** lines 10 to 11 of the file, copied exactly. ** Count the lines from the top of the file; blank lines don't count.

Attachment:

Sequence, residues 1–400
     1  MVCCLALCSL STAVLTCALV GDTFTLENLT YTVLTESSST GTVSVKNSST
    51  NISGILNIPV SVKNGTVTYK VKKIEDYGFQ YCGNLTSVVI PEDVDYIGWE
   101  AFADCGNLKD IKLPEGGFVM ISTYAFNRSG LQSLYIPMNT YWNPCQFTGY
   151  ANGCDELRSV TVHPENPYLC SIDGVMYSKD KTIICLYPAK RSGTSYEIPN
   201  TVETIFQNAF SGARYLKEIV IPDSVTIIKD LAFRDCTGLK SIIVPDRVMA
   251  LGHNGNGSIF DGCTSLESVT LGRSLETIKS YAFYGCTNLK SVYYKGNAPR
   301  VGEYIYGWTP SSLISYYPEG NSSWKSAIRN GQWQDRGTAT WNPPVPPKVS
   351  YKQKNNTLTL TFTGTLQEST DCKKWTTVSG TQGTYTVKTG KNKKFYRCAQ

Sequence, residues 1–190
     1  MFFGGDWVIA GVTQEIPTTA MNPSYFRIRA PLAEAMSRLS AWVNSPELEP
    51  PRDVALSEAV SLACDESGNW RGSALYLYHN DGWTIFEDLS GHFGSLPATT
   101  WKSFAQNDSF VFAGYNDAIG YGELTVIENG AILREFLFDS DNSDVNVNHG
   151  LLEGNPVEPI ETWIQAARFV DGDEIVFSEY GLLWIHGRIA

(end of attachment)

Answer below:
Sequence, residues 1–190
     1  MFFGGDWVIA GVTQEIPTTA MNPSYFRIRA PLAEAMSRLS AWVNSPELEP